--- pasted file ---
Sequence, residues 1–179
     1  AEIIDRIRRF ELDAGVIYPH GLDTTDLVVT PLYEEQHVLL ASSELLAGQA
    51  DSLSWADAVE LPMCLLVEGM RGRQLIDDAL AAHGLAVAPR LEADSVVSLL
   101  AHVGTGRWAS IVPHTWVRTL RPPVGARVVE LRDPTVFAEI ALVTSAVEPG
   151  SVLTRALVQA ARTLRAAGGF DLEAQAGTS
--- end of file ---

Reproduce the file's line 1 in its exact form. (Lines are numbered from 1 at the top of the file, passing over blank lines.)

Sequence, residues 1–179